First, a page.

Unique Entity Identifier (UEI) replacing DUNS number
Unique Entity Identifier (UEI) replacing DUNS number

The federal government is replacing the DUNS number with a new unique entity identifier known as the Unique Entity Identifier. Here’s what that means for your small business and what you need to do now.

What is a Unique Entity ID?

The Unique Entity Identifier is the official identifier for doing business with the U.S. government as of April 4, 2022. It is a 12-character alphanumeric identifier assigned to an entity by SAM.gov. The federal government uses a system called SAM, which stands for System for Award Management. Any entity wishing to apply for federal contracts or wishing to receive federal funds must register with SAM. Entities that use SAM include for-profit businesses, non-profit organizations, government contractors or contractors, and state and local governments.

The unique entity ID is generated in SAM.gov. If your business or nonprofit is already registered on SAM.gov, whether active or not, you already have a unique entity identifier. You can find it on SAM.gov.

If you are not registered with SAM.gov, you will obtain your Unique Entity ID (SAM) upon registration. Registration is free.

Is the unique entity identifier the same as DUNS?

No. Prior to the launch of the UEI as an identifier for use in SAM, small businesses wishing to do business with the federal government had to obtain a DUNS number from Dun and Bradstreet. They are now assigned a federally managed EUI.

How can I find my UEI number?

You will only have the UEI if you have already completed the SAM.gov registration. If so, you can log into SAM.gov to view your entity registration record and obtain your UEI. (If you’re not sure if you’re registered, you can always try logging in.)

How can I get a UEI number?

If you are registering for the first time on SAM.gov, you will automatically be assigned an UEI during the registration process. New SAM registrants will see two options, which will allow them to obtain a new unique entity ID:

  • If you wish to bid directly on federal government contracts or grants, choose “Save Entity”.
  • If you’re a subrecipient on a grant or contract that just needs a unique entity ID for subaward reporting, choose “Get Unique Entity ID.”

You will be asked for your legal business name and physical address. Note that you will not be able to use a PO Box as an address.

The Entity Validation Service is a service used to independently verify that a business is a separate legal entity with a separate physical address. You may be asked for the date and state in which your business was incorporated for entity validation purposes, you may want to have this handy. You may also be asked for additional documents to verify your business identity.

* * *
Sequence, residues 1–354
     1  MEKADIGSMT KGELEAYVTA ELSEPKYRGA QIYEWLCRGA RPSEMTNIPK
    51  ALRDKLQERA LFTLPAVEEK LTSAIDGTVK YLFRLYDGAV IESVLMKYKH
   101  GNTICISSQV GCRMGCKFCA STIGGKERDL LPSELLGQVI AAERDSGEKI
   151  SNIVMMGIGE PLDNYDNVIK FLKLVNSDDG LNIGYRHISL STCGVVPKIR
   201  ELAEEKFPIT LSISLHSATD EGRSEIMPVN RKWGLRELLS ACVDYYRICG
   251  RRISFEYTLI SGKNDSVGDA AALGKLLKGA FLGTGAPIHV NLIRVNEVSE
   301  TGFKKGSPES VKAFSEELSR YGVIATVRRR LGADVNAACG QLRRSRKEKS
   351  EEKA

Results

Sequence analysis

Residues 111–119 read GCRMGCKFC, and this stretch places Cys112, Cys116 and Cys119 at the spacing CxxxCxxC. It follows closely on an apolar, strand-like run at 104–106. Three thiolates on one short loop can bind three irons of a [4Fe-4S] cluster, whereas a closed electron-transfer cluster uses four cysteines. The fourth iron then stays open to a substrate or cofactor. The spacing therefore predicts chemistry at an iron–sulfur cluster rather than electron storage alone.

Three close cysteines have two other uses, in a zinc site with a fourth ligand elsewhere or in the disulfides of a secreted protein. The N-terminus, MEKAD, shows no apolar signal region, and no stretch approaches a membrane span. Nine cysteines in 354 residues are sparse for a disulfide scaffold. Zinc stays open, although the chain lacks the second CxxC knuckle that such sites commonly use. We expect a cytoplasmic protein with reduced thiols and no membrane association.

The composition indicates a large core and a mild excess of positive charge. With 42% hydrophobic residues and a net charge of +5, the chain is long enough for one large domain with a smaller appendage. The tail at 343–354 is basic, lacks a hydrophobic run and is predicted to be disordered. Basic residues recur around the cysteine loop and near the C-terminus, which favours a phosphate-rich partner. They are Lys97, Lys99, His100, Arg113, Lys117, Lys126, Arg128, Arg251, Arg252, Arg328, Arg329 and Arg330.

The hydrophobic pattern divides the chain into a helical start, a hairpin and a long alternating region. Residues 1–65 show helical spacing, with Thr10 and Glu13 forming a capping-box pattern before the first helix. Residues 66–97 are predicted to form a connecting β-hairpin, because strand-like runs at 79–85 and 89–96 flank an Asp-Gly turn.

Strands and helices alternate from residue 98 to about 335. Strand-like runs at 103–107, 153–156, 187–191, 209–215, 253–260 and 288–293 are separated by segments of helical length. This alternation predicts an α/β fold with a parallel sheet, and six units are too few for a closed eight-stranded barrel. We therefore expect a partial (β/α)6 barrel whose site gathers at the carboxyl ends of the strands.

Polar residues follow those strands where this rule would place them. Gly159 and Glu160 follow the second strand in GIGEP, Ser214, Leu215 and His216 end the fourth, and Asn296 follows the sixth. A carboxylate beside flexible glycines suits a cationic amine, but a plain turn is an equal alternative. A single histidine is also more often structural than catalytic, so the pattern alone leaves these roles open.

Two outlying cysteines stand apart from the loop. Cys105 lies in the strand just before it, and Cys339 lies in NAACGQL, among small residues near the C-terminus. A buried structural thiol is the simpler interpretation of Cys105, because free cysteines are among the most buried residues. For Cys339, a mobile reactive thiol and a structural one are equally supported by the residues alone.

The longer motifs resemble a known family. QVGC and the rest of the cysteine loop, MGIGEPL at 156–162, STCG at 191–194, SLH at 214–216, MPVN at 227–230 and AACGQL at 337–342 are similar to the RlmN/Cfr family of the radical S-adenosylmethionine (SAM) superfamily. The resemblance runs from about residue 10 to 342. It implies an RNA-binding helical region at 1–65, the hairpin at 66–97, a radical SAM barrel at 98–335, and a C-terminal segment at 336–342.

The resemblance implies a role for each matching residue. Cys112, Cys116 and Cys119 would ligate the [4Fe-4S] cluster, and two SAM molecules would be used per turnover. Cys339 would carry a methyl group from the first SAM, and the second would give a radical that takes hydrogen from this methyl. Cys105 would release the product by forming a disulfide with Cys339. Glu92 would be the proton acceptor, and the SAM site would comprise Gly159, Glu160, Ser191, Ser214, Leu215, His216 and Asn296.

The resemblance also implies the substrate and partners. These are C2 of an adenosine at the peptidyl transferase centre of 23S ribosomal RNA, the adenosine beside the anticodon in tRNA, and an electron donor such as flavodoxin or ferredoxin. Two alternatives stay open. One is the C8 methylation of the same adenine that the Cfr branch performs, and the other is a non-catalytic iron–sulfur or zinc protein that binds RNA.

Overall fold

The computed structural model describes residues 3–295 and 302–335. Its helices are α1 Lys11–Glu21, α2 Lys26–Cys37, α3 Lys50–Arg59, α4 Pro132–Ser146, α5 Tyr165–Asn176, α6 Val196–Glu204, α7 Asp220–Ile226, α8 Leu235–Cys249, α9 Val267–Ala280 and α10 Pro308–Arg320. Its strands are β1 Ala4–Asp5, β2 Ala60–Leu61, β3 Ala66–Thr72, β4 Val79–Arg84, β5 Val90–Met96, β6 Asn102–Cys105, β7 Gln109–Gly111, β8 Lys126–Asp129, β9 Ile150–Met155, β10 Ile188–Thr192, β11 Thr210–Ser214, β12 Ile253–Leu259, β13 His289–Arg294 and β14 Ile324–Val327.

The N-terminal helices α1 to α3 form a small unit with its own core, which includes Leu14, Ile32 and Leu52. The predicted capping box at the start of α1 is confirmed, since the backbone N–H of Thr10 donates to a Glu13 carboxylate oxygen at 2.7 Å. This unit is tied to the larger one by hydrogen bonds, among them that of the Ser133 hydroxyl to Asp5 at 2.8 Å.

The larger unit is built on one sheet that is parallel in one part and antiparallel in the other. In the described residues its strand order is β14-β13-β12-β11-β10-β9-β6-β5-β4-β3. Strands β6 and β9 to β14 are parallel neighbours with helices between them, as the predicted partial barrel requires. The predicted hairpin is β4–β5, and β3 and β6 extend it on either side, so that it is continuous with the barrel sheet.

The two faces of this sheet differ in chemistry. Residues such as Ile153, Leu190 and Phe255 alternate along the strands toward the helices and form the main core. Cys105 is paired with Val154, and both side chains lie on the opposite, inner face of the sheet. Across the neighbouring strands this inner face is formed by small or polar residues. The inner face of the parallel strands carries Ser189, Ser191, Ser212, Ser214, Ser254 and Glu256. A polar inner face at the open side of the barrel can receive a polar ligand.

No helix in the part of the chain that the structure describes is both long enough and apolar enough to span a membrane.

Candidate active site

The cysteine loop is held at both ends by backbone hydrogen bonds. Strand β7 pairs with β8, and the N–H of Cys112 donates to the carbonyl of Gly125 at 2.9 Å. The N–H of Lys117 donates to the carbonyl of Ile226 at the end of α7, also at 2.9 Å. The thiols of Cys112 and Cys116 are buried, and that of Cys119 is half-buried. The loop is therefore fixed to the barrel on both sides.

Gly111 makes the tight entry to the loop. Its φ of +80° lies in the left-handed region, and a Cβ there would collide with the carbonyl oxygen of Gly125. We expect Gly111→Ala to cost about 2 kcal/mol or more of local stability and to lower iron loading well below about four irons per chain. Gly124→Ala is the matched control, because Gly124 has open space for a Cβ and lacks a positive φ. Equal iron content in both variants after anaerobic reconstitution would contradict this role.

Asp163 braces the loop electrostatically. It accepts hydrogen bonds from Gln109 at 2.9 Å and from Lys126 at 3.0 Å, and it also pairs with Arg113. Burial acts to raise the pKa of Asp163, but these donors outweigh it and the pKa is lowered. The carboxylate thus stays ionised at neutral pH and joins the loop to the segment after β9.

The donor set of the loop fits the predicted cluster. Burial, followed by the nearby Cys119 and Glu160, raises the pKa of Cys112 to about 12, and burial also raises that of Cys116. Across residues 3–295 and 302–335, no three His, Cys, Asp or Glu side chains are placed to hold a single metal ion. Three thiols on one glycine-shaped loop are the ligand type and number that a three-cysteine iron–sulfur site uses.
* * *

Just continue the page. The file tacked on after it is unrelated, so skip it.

Does my business need an EUI?

There are many opportunities for small businesses to grow their business through federal government contracting or procurement opportunities, as well as federal loans, grants, or financial assistance programs. You will need an UEI if you wish to pursue these opportunities.

You do not need an EUI to file business income tax returns with the federal government. For this, you will need a tax identification number, which will be either an employer identification number (EIN) or your social security number.

Additionally, you can search for federal grants at Grants.gov. If you decide to apply for federal government grants, you will need to register with SAM.

Does my business still need a DUNS number?

It is a good idea for small businesses to obtain a DUNS number as it is used as an identifier in Dun & Bradstreet’s commercial credit reporting system. Obtaining a DUNS number is one of the first steps in obtaining business credit. If your company does not already have one, you can request a DUNS (short for Data Universal Numbering System) number free of charge.

While the US General Services Administration warns that “you will no longer find the DUNS number in SAM.gov searches, views, or extracts”, this does not mean that your business no longer has a DUNS number, just that it does not. It is most used within the federal government’s Integrated Award Environment (IAE) which operates several systems including SAM.gov, FPDS, eSRS, FSRS, CPARS, and FAPIIS.

FAQs

Will my UEI expire?

No. Although businesses want to update their SAM.gov account annually to avoid inactive registration, UEIs will not expire.

Is there a cost to get an SUI?

No. You can obtain a Unique Entity ID from the federal government for free. You can get an EIU and register your business for government grants, contracts, and federal assistance for free at SAM.gov.

How can I update my business information?

If your business’s legal name or physical address has changed, you can now update it through SAM.gov instead of going to Dun & Bradstreet like before.

Will the government call or email me about MY UEI?

The GSA does not contact organizations directly about the unique entity identifier (SAM). If you receive an unsolicited call or email about an EIU, be careful. Do not provide personal information or information about your business; log in to your SAM.gov account to manage your registration.

Where can I get help with SAM.gov or My UEI?

Get started at SAM.gov where you’ll find UEI transition FAQs. If you still need help, you can search for help on the Federal Service Desk (FSD.gov) or seek assistance from an FSD agent during business hours 8am-8pm ET Monday-Friday.

This article was originally written on April 4, 2022.

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